The institute had many more participants than the last institute, and therefore, there was a lot more diversity in the group: public and private school, quaker and non-denominational, some catering to children with diagnosed learning disabilities (who worked off of a chart of strengths and weaknessees of each child), others catering to children who had been or were moving toward juvenile detention and, finally, the under-funded school systems.  The diversity was astounding, at first, and often brought about a lot of controversy in the discussion because each individual had their own viewpoint of the topic at hand.  While this was disconcerting to many participants and myself at first, over time, it generated some great ideas: specifics about how graphs, like those used at the school for children with learning disabilities, should or should not be utilized; how science can be brought into the under-privileged school systems where supplies were in high demand but money was scarce; how science could be moved through the grade-levels, generating a link between kindergarten through upper level grades and how inquiry could still be fostered in a school environment which had trouble keeping a solid administrator for more than a few months at a time.  I left the institute believing that inquiry certainly had a place in the classroom and wishing that I had had more exposure to open-ended projects and inquiry throughout my pre-college school career.  I hope to keep in contact with many of the participants to gauge what level, to what extent and how they will utilize what was generated from the institute in their own classrooms.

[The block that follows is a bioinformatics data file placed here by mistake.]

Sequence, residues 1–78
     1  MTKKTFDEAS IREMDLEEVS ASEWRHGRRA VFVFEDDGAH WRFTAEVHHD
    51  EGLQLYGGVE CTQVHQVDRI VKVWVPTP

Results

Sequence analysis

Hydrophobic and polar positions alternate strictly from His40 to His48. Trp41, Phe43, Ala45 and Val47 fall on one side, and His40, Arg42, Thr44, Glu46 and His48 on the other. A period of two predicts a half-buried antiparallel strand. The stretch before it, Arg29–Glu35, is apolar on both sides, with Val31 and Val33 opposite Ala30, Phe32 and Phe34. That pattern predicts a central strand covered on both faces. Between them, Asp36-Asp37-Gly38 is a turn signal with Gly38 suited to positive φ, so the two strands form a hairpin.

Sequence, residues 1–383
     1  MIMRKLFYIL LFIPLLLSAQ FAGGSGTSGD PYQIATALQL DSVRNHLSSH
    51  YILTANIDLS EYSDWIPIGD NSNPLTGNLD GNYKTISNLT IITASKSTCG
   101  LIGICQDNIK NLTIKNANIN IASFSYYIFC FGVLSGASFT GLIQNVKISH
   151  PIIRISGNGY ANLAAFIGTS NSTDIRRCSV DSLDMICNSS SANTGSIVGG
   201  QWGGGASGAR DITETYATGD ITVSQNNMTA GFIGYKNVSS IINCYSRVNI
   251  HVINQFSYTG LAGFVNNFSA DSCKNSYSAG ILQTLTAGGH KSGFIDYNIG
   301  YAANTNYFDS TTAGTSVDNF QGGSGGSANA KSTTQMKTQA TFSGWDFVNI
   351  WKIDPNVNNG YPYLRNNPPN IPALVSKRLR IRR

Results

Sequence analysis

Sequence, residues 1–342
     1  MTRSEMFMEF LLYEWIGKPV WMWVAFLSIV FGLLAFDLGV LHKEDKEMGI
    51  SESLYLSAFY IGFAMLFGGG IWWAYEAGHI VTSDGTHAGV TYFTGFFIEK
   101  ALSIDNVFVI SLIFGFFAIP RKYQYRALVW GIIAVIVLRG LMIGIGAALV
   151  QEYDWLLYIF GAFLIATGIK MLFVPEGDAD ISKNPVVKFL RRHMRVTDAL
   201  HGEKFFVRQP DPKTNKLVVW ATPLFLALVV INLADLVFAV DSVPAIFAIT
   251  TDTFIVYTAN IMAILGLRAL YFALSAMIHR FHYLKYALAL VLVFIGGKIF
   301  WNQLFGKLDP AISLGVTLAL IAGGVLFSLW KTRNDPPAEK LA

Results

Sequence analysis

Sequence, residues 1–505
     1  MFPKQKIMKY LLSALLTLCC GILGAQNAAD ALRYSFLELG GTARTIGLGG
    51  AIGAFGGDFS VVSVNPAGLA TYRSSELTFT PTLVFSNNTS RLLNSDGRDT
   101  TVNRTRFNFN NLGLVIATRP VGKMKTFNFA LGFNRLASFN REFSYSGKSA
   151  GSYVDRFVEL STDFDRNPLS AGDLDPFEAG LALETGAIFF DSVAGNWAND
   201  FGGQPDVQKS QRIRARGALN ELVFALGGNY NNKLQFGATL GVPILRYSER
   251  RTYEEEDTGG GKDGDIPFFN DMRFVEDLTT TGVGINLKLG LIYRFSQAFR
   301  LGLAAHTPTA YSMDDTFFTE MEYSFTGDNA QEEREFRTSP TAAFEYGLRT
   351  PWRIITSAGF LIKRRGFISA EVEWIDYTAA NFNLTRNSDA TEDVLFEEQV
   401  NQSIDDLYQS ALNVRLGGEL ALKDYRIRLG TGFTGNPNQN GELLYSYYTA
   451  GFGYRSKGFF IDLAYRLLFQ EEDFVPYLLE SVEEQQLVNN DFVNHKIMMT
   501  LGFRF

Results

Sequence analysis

A discussion of several key points:

  • The overall larger number of participants and inadequate room size made for difficult discussion, but I believe that the class used the room to the best of their ability in order to keep facilitating new ideas.  When the tables and chairs were moved to create a more open space, I felt that the participants connected more with each other.
  • In the beginning, I feel that the safe space feeling was not as prevalent than in Brain and Behavior, most likely because of the large number of participants.  Many teachers who spoke the first day were reluctant to speak later because they felt threatened to degraded by the other participants and the idea of ‘constructive’ or ‘positive’ conflict wasn’t reiterated strongly enough.  However, many participants took both Brain and Behavior and the Inquiry Institute, and were therefore more comfortable in the conflict situation, which I believe put a bit of stress on the new arrivals at the Inquiry Institute.
  • A lot of personal ‘degradation’ was felt at points in the class, but I do not believe that it was the fault of anyone in particular, but rather, the personality of the individual.  The class itself spawned new ideas and discussed the conception of new projects quite openly and constructively.